Whenever you work more than the official standard work hours, your employer must pay you for overtime.
The official standard work hours are 40 hours a week, 8 hours a day, from Sunday to Saturday.
In general, any time worked beyond those hours merits overtime pay.
The way your overtime pay is calculated depends on how many hours you worked.
Below, we’ll walk you through how your overtime pay would be calculated based on your hours worked.
Calculating daily overtime is quite simple.
Any hours worked beyond 8 hours in a day and up to 12 hours a day are eligible for time-and-a-half.
Even if you worked under 40 hours that same week, you would still be eligible for the time-and-a-half.
If you worked more than 12 hours in a day, you would need to be paid double time for those hours.
Jen works as a receptionist at a paper company. On Monday, she works 8 hours. On Tuesday, she works 10 hours. On Wednesday, she works 13 hours. On Thursday, she works 7 hours.
Overall, she worked 38 hours that week, which places her under the 40 hours a week threshold for standard work hours.
However, she worked more than 8 hours a day on Tuesday and Wednesday for which she will get paid overtime by her employer. On Tuesday, she would get two hours at time-and-a-half. On Wednesday, she would get 4 hours at time-and-a-half, and 1 hour at double time.
When it comes to weekly overtime, employers are required to pay their employees time-and-a-half for any hours worked past 40 hours a week, even if you were working under 8 hours in a day.
Stephen works as a chef at a local college. On Monday through Wednesday, he worked 7 hours each day. From Thursday through Saturday, he worked 8 hours each day.
Overall, he worked 45 hours that week. Therefore, he would get paid 5 hours at time-and-a-half.
If you work on a statutory holiday, you are paid time-and-a-half for the hours worked.
These hours won’t be included in your overtime hours for the week since you’re already getting compensated for them.
Instead, your weekly overtime threshold will be decreased by a fixed 8 hours from 40 hours to 32 hours.
Tom who works as an auditor, usually works 8 hours a day, Monday through Friday. He ends up working 9 hours on Monday, which happens to be Family Day. He gets paid time-and-a-half for those 9 hours worked. Since he works 8 hours a day for the remainder of the week, from Tuesday to Friday, he won’t receive any other overtime pay.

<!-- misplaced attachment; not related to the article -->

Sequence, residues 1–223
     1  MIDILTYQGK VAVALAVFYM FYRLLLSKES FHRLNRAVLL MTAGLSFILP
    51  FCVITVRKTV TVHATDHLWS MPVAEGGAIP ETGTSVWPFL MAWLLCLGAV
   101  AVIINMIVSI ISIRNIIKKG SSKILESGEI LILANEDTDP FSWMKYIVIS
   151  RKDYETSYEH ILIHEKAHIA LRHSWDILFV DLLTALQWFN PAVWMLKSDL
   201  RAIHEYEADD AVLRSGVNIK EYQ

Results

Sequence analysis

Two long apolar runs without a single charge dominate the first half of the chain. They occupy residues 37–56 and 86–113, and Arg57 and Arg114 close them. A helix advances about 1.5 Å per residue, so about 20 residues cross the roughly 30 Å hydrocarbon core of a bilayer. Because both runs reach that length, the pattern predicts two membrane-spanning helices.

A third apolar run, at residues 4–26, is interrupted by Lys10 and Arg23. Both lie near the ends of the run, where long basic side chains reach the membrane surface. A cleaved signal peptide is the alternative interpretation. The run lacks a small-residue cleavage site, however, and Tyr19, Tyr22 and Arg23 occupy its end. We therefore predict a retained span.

If he had put in more than 8 hours any day from Tuesday to Friday, he would have exceeded the 32-hour weekly limit and would be eligible for overtime pay.
Understanding Rest Periods
As a general rule, every employee needs to have a rest period lasting a minimum of 32 consecutive hours free from work.
If you end up working during this period, you need to be paid time-and-a-half.
Let’s say, Angela works 7 days a week as a personal assistant.
Even though her hours come up to less than 40 hours a week, she must get paid time-and-a-half for the hours she works on Saturday since she doesn’t get a day off.
Frequently Asked Questions
- Do you get paid overtime on salary BC?
Yes. Regardless of whether you get paid salary, hourly, or commission, whenever you work more than the official standard work hours, your employer must pay you for overtime.
The official standard work hours are 40 hours a week, 8 hours a day, from Sunday to Saturday. In general, any time worked beyond those hours merits overtime pay.
- Who is eligible for overtime in BC?
Most employees are eligible for overtime in British Columbia. The Employment Standards Act indicates that the standard work hours are 40 hours a week, 8 hours a day, from Sunday to Saturday. In general, any time worked beyond those hours merits overtime pay.
There are some cases where the rules may differ. If you have an averaging agreement, are working under a variance or work in certain industries like high technology, or agriculture, there are special rules that will dictate whether you are eligible for overtime pay.